One truly enjoyable experience in landscape gardening is trying something new or a new variety of a plant you love.
New plantings in old location
It is good not to become stuck doing the same plants in the same place year after year. I was forced to rebuild about 80 feet of flower beds on the back of our home when we tore our wooden deck down and rebuilt a new composite deck this past March. All my flower beds were torn out, so it was “up with the new.”
In the new flower beds, we used new rich soil with compost and fresh mulch. We planted a variety of new flowers, including zinnias, impatiens, plumbagos and azaleas. Some shrubs we used were flax leaf lily, Japanese boxwood and nandina. This brings me to my current topic, the dwarf nandina.
- Evergreen with colorful foliage
I enjoy nandinas because they are evergreen in Victoria and South Texas. They have beautiful, rich foliage in various colors depending on the variety planted. Nandinas are disease- and bug-resistant and drought-tolerant. They are cold-hardy 0 to 10 degrees.
- A.k.a. ‘Beautiful Bamboo’
I wrote a Gardeners’ Dirt column that was published two years ago on Dec. 4, 2016, titled “Beautiful Bamboo.” In it, I described my experience incorporating nandina into my landscape. I used standard nandina (Nandina domestica), which grow 4 to 6 feet tall, produced red berries and spread via rhizomes.
Nandinas belong to the Barberry family but are also known as Beautiful Bamboo because of their upright shoots that resemble bamboo, although they are not related to bamboo. They are native to China, India and Japan.
- Can be invasive
The standard version is considered invasive because of its aggressive rhizome and sucker production. It requires some maintenance in the landscape, but the rhizomes can be controlled by pulling them out when they are small.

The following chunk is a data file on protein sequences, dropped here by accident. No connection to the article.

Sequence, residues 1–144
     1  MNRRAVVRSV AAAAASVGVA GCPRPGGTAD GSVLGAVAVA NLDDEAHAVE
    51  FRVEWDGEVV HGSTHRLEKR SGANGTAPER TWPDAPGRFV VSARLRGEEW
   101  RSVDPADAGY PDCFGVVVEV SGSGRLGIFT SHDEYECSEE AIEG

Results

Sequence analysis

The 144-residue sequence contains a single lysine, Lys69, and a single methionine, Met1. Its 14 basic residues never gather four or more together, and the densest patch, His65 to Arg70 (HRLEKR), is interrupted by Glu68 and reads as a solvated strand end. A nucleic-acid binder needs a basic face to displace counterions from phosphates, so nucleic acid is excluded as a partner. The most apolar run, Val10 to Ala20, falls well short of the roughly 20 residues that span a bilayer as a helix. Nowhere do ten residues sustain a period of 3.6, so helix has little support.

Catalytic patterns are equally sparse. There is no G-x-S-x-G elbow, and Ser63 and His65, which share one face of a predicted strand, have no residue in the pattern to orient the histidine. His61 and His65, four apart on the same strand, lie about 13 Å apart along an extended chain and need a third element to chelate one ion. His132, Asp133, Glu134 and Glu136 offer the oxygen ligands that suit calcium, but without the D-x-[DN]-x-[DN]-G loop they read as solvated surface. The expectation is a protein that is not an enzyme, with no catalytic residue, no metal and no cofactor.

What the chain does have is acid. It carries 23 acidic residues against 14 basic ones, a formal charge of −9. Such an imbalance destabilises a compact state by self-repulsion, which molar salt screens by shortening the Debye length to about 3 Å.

This year, I decided to try planting dwarf nandinas, which grow lower and most do not fruit or spread as aggressively as standard nandinas. The dwarf nandina is not as invasive as the standard fruit-bearing variety and requires less maintenance.
- Like colorful ground cover
I started with Harbour dwarf nandina, which requires three to six hours of morning sun. It grows up to 3 feet tall by 3 feet wide, producing green leaves with a yellow-red tint.
The leaves have a coppery tint in spring and green in the summer. In South Texas, its leaves will be reddish-orange to reddish-purple in the fall. These plants are useful as ground cover or foundation shield if planted closer together.
- Growing conditions
Dwarf nandinas grow easily in medium moisture in well-drained soil. They like full sun to part shade. For best foliage, more sunlight will be helpful.
Fertilize early in the spring. Do not use bee-sensitive or pollinator precaution pesticide. Water regularly when the plant is new.
These plants are tolerant of many soils, but they like moist, rich soil with some humus and good drainage. Mature plants are drought- tolerant.
- Other advantages
An advantage of planting dwarf nandinas is their lower growth and shape lets me keep some evergreen spots in my planters, and they do not take up too much room.
They blend nicely with other colorful flowers or variegated, green plants to add personality to the overall landscape.
Best foliage color will be in summer and fall. In South Texas these plants are evergreen adding color year-round.
In addition to showing beautiful color, they are drought-tolerant, disease- and bug-resistant.
- Transplant with new growth 8-10 inches tall
Propagation is simple by using new plants coming up from rhizomes. Leave them in the ground until they are the size you want to transplant. For best results, transplant when new growth is 8 to 10 inches tall.
Other dwarf variety color
Some of the other varieties and color of dwarf nandinas are:
- Firepower – Does not fruit like standard variety and is grown for its brilliant, fiery red foliage in the fall and winter.
- Flirt – Unlike similar varieties, it has stunning, deep red color from spring through summer and into autumn.
- Gulf Stream – Known for year-round color that varies from intense red to a mixture of reds, greens, yellows and oranges.
- Obsession – Produces bright red, long-lasting foliage from spring into summer through winter.
My new, preferred plant
I am glad I have chosen to grow some more nandinas – especially the dwarf size. What else could be evergreen with rich, colorful foliage; tolerate cold and drought; resist pests; and be so easy to grow?